5 Simple Weight Loss Tweaks


Who doesn’t love some simple tweaks that can help them be more successful in their weight loss efforts? I have shared several in my book, Today is Still the Day, and companion 7 week plan.

They may sound too simple to make much difference, but you’d be surprised at the impact they can have.

Make it a Meal. For example don’t eat standing at the kitchen counter or on the run. Set a plate at the table, sit down and pay attention to your meal. Appreciate the aroma, how it looks, really enjoy the flavors. When you do this you register it as a meal versus a snack and that makes a difference!

Slow Down. This tip follows along with the first one: Don’t scarf down your food like someone is chasing you! When you eat too quickly, you don’t allow your brain a chance to register that you have eaten and satisfied your hunger. It may take up to 20 minutes for the brain to realize that you’re full. A review of 23 studies found that fast eaters were approximately twice as likely to be obese, compared to slow eaters.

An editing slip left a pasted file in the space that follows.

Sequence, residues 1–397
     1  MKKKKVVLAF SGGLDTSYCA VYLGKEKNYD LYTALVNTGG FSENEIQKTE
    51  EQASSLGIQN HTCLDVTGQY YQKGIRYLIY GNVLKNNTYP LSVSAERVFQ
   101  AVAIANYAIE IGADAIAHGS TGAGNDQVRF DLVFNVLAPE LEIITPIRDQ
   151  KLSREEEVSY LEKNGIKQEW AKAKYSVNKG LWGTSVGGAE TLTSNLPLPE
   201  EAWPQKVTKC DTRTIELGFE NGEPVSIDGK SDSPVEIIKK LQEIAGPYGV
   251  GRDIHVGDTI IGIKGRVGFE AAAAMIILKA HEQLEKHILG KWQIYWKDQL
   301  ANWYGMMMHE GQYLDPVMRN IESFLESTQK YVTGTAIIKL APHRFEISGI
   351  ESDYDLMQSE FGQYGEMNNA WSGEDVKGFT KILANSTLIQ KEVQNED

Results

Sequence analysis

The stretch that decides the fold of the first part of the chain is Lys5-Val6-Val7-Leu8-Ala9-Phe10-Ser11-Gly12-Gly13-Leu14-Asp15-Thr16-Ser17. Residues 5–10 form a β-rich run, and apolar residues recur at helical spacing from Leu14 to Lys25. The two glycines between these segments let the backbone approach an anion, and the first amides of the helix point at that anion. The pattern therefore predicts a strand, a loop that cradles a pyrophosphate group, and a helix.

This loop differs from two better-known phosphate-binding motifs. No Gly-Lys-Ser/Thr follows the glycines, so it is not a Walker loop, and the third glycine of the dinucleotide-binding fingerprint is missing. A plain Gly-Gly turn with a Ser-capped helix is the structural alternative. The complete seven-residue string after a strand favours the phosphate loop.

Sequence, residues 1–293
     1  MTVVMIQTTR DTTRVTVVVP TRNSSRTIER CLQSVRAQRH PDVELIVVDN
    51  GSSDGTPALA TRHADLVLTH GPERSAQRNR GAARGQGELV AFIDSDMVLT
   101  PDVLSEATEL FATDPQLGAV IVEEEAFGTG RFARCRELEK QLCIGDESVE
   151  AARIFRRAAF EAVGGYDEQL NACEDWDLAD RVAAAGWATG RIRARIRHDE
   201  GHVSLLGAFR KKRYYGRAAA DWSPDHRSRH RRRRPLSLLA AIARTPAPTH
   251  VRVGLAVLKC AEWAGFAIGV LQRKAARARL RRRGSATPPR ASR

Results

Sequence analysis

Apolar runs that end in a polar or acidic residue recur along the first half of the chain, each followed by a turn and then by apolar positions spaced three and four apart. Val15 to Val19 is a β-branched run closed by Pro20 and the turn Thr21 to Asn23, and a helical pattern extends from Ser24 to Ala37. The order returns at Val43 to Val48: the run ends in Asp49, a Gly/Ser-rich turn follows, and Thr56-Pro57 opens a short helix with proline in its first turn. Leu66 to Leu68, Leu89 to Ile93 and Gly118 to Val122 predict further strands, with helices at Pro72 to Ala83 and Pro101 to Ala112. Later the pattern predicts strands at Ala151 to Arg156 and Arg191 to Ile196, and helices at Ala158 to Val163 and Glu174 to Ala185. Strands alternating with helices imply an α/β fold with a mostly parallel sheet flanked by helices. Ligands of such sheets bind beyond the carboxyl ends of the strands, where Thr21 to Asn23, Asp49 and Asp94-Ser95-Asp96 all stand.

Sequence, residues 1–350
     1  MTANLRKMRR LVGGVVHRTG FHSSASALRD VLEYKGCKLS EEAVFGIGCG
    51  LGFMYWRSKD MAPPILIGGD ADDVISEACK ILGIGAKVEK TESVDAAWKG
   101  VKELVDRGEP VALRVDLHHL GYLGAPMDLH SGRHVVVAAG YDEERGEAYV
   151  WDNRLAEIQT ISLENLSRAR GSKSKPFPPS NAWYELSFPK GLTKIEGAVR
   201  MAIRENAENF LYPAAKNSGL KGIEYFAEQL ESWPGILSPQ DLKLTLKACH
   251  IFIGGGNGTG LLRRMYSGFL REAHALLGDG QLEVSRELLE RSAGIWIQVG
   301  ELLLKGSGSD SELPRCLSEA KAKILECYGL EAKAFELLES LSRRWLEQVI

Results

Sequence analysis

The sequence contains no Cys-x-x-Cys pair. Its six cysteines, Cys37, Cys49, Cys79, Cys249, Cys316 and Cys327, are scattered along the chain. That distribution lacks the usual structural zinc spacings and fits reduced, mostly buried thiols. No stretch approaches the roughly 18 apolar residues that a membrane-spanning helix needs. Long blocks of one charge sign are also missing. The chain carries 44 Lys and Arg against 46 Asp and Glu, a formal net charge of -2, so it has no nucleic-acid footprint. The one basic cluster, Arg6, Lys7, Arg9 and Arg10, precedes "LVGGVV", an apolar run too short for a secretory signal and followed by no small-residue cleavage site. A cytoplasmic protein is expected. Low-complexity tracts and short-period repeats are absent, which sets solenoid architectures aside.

Plate Size. Some studies recommend choosing a salad plate rather than a dinner plate. It is a simple way to control portions. Just going from a 12″ plate to a 10″ plate resulted in a 22% decrease in calories. It is an illusion but if it helps you believe you are eating more than you really are, it’s worth it. Also if the food portion is very large to begin with, you will eat more of it because you don’t notice yourself making a dent in the meal until a lot has been consumed.

Plate Color. The color of your plate can make a difference as well. In one study, when the color of a participant’s plate matched the color of their food, they served themselves almost 30% more because when the color of your food blends in with the color of your plate, the amount of food doesn’t appear to be as large.

Fork Size. Use a dinner fork rather than a smaller dessert fork. A 2011 study found participants who ate with larger forks left significantly more food on their plates than those who ate with smaller forks, leaving an average of 7.91 ounces of food compared to 4.43 ounces. Those who ate with larger forks became satisfied more quickly and ate less than those who ate with smaller forks. This is a visual cue – the small fork gives a feeling that you are not making much progress in satisfying your hunger, which results in more consumption compared to when you have a large fork.

Source by Ann Musico

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